Future of former hospital land now in the hands of Middletown City Council

Members to vote on proposed housing project at next meeting

Neighbors near a proposed housing project understand the more than 16 acres owned by a Middletown church eventually will be developed.

But after Tuesday night’s 4 1/2-hour Middletown City Council meeting that drew a large crowd of concerned citizens, it’s clear they’re against the plan from developer D.R. Horton. The four parcels of land that formerly were the site of Middletown Regional Hospital for nearly 100 years were sold to Oaks Community Church in 2016 for $500,000, according to the Butler County Auditor’s Office.

Pastors from the church, a representative from D.R. Horton and a Middletown attorney spoke in support of the project, while 10 residents voiced their concerns about the project due to its density and potential problems it could create near the historic district.

Council members heard the first reading of a plan and map amendment that would allow 50 ranch-style homes to be built on the former hospital site. Council is expected to vote on the plan at its next meeting on May 3, which also is election day.

Council member Tal Moon said during Tuesday’s meeting that he’s affiliated with the church so he wouldn’t be involved in any discussions. If Moon doesn’t vote on the ordinance, three of the four other council members would have to vote for it to pass.

If approved, as a part of the Planned Development process, the property would be rezoned to “Planned Development District” to acknowledge there is a development plan associated with the property, according to the city.

City Planning Commission conducted a public hearing on March 9 and recommended to City Council the request to rezone the property be approved.

Originally, D.R. Horton, which has built the more homes than any national builder in the last 20 years, according to its web site, wanted 53 homes constructed on the 16.64 acres. Then that number of houses was lowered to 50 with 50 feet of frontage. and 75-foot buffers between the new development and surrounding houses.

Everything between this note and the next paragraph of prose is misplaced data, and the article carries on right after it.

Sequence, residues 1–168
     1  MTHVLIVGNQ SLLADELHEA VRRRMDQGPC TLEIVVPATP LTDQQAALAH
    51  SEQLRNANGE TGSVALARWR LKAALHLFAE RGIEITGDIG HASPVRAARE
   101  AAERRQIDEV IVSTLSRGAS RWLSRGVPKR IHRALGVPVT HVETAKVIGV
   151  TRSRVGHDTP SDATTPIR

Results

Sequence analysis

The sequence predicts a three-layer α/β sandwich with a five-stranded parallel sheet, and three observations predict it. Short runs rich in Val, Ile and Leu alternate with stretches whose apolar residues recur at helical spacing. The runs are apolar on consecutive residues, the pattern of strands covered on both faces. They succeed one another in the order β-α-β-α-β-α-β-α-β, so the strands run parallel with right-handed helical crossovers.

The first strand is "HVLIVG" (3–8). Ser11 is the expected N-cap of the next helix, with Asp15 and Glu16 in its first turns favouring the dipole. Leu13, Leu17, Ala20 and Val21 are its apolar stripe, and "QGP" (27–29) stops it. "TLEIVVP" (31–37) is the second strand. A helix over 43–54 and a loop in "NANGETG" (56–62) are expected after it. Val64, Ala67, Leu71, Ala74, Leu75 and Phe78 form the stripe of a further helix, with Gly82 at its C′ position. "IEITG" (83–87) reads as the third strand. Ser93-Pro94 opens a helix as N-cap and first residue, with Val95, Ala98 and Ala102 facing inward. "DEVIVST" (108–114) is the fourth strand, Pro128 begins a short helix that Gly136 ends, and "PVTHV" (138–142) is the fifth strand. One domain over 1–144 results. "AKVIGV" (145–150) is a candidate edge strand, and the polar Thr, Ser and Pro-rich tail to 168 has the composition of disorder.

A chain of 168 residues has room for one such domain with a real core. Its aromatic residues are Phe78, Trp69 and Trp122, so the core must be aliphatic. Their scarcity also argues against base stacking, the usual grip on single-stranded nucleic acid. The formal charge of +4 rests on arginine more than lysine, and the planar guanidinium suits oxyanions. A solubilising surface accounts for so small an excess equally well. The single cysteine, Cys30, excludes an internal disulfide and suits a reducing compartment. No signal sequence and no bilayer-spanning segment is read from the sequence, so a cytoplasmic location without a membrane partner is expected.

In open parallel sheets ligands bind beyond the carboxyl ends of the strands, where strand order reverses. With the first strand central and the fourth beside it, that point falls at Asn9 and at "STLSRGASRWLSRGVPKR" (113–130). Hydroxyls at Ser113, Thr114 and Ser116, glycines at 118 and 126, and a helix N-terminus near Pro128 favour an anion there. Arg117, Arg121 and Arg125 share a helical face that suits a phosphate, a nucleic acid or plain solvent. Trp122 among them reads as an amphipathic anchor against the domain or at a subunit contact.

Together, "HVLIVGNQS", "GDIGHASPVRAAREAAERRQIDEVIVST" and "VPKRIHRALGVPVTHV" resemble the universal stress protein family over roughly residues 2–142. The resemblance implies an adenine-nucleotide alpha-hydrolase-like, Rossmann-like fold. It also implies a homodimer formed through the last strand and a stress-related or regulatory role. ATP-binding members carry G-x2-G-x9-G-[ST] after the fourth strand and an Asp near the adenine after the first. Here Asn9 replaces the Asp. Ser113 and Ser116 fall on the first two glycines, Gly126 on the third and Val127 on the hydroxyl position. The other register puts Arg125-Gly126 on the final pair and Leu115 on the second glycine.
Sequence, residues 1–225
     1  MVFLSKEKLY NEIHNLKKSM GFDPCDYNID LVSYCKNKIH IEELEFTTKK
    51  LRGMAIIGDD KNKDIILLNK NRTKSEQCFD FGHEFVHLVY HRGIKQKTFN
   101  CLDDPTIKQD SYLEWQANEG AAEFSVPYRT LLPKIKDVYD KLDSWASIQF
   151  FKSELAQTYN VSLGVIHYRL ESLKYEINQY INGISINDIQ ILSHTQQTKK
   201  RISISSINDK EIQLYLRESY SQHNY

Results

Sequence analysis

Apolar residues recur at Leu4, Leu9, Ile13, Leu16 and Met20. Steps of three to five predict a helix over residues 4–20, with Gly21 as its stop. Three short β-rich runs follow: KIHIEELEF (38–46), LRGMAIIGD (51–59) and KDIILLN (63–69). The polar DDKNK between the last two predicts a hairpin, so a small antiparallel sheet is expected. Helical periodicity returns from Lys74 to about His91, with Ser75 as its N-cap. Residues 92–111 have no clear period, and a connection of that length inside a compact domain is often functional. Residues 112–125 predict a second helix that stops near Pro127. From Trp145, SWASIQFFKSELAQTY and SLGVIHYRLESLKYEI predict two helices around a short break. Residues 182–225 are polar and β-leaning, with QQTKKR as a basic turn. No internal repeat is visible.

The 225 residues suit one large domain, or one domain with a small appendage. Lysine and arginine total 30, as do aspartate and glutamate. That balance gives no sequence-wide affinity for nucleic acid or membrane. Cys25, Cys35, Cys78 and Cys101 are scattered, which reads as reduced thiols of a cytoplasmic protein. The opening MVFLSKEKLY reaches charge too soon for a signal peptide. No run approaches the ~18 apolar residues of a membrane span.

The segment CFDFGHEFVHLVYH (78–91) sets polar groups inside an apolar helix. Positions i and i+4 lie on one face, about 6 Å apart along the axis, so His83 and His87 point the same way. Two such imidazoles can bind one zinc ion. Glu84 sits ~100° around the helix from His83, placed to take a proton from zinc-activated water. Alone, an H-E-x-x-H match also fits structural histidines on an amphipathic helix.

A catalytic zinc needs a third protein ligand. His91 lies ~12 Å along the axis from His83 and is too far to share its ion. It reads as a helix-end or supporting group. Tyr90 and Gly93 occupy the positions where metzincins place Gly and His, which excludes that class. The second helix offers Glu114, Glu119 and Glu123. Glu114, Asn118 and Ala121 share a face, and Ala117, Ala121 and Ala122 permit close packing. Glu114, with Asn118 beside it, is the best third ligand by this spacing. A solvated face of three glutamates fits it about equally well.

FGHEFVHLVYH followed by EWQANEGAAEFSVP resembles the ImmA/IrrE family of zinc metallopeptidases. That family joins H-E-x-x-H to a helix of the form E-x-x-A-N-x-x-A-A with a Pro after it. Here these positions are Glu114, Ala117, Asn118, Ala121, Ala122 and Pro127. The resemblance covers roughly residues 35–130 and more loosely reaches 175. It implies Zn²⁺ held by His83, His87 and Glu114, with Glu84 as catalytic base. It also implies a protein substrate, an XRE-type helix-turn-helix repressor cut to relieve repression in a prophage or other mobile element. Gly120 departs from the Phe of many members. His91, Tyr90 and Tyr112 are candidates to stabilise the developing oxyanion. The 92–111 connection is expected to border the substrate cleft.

Rob Smith, who represented D.R. Horton at the meeting, said 50 homes was “as far down as we can do” because converting the hospital property will be “an expensive site to develop.”

He described the budget for the project as “really tight.”

Small lots don’t “mean cheap” and the homes would sell for between $350,000 to $400,000, according to Smith.

Building homes there would be “a far better use than a hospital,” he said.

“We believe in Middletown,” he said adding the project will be “really good for the city.”

Eric Russell, a pastor at Oaks Community Church and a real estate agent, said in Middletown, only one home is listed for more than $300,000 and it’s on Central Avenue. He said the city needs higher priced homes to attract residents.

The development, he said, would be “a good step toward a new Middletown” and is the “best option” for the city.

Dustin Hurley, a Middletown attorney, spoke in favor of the development and said the 50 homes offer an opportunity to solve “a massive problem” regarding housing in the city.

He said the plan “checks all the boxes” regarding the review criteria and council should “act in the best interest of the entire city.”

Those who live near the proposed development vehemently disagreed.

Rachel Rutherford, who lives on McKnight Drive, asked council members to slow down and consider the impact on the city 10 years from now.

“I want my neighborhood to stay beautiful,” she said.

Tim Carlson, who lives on Flemming Road, said the area around the former hospital is “a special neighborhood” that “should be cherished.”

Kelley Michel, who lives on Florence Street, said the width of the roads concerns her because if there’s parking on both sides there wouldn’t be enough room for fire trucks and possibly school buses.

She said the proposal “is not the right project for the hill.”

Steve Lewis, a park board member, questioned why the city has received only one proposal and not sought bids from other developers. He believes D.R. Horton wants to build there to take advantage of the larger, more expensive homes in the historic district.

Peggy Trimble, who lives McGee Avenue, urged council to “please support your current residents and vote against this issue.”

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